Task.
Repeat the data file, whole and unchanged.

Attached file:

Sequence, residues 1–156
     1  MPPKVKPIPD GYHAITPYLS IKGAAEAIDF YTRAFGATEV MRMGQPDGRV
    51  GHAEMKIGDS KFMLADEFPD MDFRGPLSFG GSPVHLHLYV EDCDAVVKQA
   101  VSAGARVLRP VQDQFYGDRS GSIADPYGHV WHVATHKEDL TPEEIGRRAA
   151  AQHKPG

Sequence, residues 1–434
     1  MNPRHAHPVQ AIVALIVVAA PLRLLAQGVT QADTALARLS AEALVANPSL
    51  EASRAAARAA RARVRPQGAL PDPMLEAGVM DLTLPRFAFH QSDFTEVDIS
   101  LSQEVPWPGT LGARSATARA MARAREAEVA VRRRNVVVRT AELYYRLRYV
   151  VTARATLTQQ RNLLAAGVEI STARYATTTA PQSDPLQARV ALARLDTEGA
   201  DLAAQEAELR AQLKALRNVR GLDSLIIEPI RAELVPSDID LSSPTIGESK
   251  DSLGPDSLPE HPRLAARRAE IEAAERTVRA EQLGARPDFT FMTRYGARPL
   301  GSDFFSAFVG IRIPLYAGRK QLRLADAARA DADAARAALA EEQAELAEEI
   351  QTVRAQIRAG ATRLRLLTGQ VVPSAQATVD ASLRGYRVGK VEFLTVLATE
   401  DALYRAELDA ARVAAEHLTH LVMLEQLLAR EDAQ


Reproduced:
Sequence, residues 1–156
     1  MPPKVKPIPD GYHAITPYLS IKGAAEAIDF YTRAFGATEV MRMGQPDGRV
    51  GHAEMKIGDS KFMLADEFPD MDFRGPLSFG GSPVHLHLYV EDCDAVVKQA
   101  VSAGARVLRP VQDQFYGDRS GSIADPYGHV WHVATHKEDL TPEEIGRRAA
   151  AQHKPG

Sequence, residues 1–434
     1  MNPRHAHPVQ AIVALIVVAA PLRLLAQGVT QADTALARLS AEALVANPSL
    51  EASRAAARAA RARVRPQGAL PDPMLEAGVM DLTLPRFAFH QSDFTEVDIS
   101  LSQEVPWPGT LGARSATARA MARAREAEVA VRRRNVVVRT AELYYRLRYV
   151  VTARATLTQQ RNLLAAGVEI STARYATTTA PQSDPLQARV ALARLDTEGA
   201  DLAAQEAELR AQLKALRNVR GLDSLIIEPI RAELVPSDID LSSPTIGESK
   251  DSLGPDSLPE HPRLAARRAE IEAAERTVRA EQLGARPDFT FMTRYGARPL
   301  GSDFFSAFVG IRIPLYAGRK QLRLADAARA DADAARAALA EEQAELAEEI
   351  QTVRAQIRAG ATRLRLLTGQ VVPSAQATVD ASLRGYRVGK VEFLTVLATE
   401  DALYRAELDA ARVAAEHLTH LVMLEQLLAR EDAQ